Other partners, a source said, include Washington investment banker Carl Blake and three other businessmen. Blake, the company's spokesman, said DART is engaged in "delicate negotiations" with federal officials, and declined to comment on the plan.

Several local officials and business owners who have been briefed about the plan welcomed it as the best transit solution for the booming area of western Fairfax County. Others said the project would be an unnecessary expense for a relatively lightly populated region.

"It's illusion and dreaming," one Virginia developer said. "It's $200 million to $300 million you don't need to spend . . . . Dulles already has the best access of any airport anywhere."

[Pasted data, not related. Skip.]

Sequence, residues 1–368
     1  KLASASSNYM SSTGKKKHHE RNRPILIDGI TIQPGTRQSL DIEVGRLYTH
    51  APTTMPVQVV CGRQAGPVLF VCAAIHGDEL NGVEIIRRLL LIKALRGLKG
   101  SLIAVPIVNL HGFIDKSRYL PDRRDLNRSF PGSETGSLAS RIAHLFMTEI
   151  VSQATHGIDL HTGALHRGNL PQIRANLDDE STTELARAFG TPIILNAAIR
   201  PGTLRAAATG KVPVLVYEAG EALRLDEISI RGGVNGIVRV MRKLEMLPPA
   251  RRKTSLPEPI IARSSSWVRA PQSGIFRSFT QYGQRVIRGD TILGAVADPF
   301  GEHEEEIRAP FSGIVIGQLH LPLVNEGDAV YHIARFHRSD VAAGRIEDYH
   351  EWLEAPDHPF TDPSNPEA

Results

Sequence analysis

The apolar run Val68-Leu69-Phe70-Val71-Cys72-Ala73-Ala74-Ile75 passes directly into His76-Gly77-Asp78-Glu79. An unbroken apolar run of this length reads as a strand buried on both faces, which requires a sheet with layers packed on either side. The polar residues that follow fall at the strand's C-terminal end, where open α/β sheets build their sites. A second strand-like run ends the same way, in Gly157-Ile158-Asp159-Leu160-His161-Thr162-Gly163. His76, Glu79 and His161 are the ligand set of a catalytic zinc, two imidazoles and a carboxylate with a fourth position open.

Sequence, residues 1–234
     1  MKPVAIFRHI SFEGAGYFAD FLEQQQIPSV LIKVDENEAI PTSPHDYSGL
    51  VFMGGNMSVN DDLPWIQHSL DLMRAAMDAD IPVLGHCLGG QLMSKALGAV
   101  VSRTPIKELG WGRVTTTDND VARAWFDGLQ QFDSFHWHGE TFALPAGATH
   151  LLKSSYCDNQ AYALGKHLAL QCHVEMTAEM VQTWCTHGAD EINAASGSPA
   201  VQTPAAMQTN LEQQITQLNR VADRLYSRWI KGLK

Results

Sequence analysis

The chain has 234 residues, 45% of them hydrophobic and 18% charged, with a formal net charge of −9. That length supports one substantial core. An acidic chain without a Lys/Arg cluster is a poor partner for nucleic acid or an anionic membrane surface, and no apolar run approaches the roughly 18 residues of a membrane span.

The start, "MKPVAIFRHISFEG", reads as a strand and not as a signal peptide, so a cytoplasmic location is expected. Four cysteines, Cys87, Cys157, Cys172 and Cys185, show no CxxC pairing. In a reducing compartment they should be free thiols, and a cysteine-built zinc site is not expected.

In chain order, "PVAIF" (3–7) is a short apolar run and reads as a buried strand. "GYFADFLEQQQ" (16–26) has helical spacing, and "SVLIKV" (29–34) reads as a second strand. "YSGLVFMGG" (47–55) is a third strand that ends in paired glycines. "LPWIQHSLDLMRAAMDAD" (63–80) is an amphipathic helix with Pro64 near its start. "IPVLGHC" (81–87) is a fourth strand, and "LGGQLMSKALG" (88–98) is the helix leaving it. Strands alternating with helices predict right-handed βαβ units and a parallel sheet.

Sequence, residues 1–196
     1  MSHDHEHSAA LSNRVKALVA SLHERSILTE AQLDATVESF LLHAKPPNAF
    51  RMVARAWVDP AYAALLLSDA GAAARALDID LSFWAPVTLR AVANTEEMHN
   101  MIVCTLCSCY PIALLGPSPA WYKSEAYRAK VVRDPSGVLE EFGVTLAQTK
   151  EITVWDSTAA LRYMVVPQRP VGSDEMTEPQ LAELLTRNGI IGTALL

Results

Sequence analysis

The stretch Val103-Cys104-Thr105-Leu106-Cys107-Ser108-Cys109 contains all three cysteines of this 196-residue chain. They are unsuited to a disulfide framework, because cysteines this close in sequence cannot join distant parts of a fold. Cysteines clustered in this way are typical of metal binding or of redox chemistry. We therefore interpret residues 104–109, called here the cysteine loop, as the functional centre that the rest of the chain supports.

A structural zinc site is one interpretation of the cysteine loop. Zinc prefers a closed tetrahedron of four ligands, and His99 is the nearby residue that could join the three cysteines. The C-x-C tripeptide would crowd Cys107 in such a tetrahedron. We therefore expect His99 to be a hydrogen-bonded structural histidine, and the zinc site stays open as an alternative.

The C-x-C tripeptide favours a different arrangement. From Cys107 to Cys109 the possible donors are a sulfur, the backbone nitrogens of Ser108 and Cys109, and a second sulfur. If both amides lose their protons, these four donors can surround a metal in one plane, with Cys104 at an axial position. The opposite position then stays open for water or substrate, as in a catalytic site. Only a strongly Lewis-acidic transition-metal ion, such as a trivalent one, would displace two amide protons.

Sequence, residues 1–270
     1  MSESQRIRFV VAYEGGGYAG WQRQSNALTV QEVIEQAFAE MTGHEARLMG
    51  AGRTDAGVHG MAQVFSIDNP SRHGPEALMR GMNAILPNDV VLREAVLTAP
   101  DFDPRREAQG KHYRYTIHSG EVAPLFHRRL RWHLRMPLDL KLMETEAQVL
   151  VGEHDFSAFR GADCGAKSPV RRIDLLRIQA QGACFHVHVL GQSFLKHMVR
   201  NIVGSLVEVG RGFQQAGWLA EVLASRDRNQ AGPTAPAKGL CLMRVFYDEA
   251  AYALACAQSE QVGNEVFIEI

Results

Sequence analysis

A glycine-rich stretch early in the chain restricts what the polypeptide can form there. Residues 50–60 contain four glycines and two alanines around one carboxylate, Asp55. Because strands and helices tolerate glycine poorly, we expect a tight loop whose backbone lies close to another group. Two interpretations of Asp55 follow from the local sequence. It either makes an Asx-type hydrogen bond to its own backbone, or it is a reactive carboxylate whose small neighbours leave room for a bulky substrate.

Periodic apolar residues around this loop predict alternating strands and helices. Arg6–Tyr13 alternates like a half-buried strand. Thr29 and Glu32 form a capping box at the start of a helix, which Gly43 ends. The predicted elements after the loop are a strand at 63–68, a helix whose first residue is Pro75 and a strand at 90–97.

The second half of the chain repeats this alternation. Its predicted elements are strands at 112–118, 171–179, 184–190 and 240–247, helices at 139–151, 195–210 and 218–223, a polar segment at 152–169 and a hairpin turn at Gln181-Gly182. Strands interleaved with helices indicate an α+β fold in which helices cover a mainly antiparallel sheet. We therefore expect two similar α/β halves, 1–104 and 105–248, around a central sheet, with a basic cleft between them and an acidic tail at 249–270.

But John F. Herrity, chairman of the Fairfax Board of Supervisors, said the plan "sounds like a very attractive proposal that would have to be seriously explored by Fairfax County . . . . It sounds pretty neat."

Sources said DART has proposed building a light rail line rather than the so-called "heavy" rail used by the Metro system. Light rail refers to a range of technologies, from trolley cars to monorails, but the exact technology that the investors propose using could not be learned.

The most recent proposal to build a Dulles rail line was advanced by Fairfax developer John T. Conlan. But federal and local officials said they did not take Conlan's proposal as seriously as they take the DART project because they believe his was not as well financed.

Aides to Rep. Frank Wolf (R-Va.) said that Conlan told them in December that he was dropping his plan to build the line. Conlan said last week that he still plans to push his project, but that it is "pretty much on hold."